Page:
Brunch is where omelets most often show up on the table, but they make a very nice meal at any time of the day.
If you separate the eggs and whip the egg whites, you’ll end up with a dish that’s not much more work than a regular omelet but is much airier and quite impressively “poofy.”
An omelet can be served plain or be filled with anything you like: blanched asparagus and curls of Parmesan; salsa; caprese salad of ripe tomatoes, fresh mozzarella and basil; caramelized onions, crumbled blue cheese and thyme; crumbled crispy bacon; grated cheese; finely minced herbs; or whatever leftovers you can find in your refrigerator.
This recipe makes an omelet to serve one, but it can be doubled on and on to make more servings. An eight-egg omelet in a 12-inch skillet could easily serve four to six, adjusting the oven time for the larger volume of eggs. To serve, gently saw the omelet into wedges using a serrated knife.
While an omelet is most often served folded, this omelet can be slipped out of the pan flat onto a serving plate. This works especially well if you’re making a larger omelet.
Serve it immediately for its most cloud-like texture. It may sit for a minute or two if necessary but will begin to deflate. It will still be delicious but not quite as ethereal.
A Souffléd Omelet can also be served as dessert, swapping out the salt in the eggs for sugar. Fill it with your favorite seasonal fruit, sweetened as needed and with a bit of liqueur if you like such things. Dust the omelet, flat or folded, with powdered sugar before serving.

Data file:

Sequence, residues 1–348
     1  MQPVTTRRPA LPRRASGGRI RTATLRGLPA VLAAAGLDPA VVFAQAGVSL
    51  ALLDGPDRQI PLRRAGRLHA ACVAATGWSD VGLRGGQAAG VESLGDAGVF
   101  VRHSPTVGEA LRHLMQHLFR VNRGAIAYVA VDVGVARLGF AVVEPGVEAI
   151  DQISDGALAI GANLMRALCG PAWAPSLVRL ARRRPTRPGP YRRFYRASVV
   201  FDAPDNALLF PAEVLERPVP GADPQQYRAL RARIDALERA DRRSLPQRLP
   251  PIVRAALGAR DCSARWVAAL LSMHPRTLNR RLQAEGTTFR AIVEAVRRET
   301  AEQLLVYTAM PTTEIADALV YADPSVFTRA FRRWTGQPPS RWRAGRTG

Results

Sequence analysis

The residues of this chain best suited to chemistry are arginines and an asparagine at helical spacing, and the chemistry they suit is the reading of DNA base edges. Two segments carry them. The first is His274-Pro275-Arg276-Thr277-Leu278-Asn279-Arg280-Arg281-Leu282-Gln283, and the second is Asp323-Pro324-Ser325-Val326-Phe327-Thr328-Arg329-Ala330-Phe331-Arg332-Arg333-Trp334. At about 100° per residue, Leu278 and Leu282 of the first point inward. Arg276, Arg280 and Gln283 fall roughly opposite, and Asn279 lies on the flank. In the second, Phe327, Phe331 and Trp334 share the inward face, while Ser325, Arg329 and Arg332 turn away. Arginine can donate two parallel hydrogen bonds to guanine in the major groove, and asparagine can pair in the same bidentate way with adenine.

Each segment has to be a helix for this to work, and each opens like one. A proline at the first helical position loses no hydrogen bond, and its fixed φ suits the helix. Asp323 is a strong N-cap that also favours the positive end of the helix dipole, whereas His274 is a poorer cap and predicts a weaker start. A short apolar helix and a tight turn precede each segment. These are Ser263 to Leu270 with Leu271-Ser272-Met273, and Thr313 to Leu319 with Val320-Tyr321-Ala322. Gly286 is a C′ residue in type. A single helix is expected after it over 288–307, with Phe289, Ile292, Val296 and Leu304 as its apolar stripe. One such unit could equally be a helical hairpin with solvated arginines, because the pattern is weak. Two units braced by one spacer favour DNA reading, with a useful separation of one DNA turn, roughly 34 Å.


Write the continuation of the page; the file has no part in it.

Serves 1 very generously.
- 2 eggs, separated
- 1 teaspoon water
- Pinch of salt
- 1 piece of butter (1 tablespoon or less)
Preheat oven to 350 degrees.
Separate eggs. Beat egg whites to soft peaks. Set aside.
Whisk yolks with water and salt.
While you’re whisking the egg yolks, place a small saute or omelet pan (7 inches across with an oven-safe handle) over low heat.
Add butter and let it melt.
Gently fold the whites into the yolks.
Swirl the pan so the butter goes up the sides of the pan. Return to heat and let the lightened eggs slide lazily into the pan.
Shake the pan gently to even out the eggs. Let cook undisturbed for 3 to 4 minutes.
The edges of the omelet with have begun to shrink from the side of the pan. If you lift it and peek at the bottom, it should be starting to turn golden.
Place in the oven and let cook for another 4 to 5 minutes. The omelet will be very puffy and the top will look set. If you touch it in the middle, it will have a bit of spring, and a knife inserted into the center will come out fairly clean.
Score the omelet through the center but don’t cut all the way through to the bottom.
Place any filling on the downhill side. Season with salt and pepper.
Tilt the pan and prod the uphill side of the omelet over the filling. Because of its puffiness, it will have the half open look of a Parker House roll.
Ease onto a plate and serve immediately.
Variation: To make a sweet omelet, omit salt. Cut fresh fruit into pieces or slices to make 1/3 cup. Leave raspberries or blueberries whole. Toss with a bit of sugar and let sit while making omelet.
Whisk egg yolks with water and 1 teaspoon sugar.
Continue with recipe. Fill omelet with fruit. Dust top of folded omelet with powdered sugar.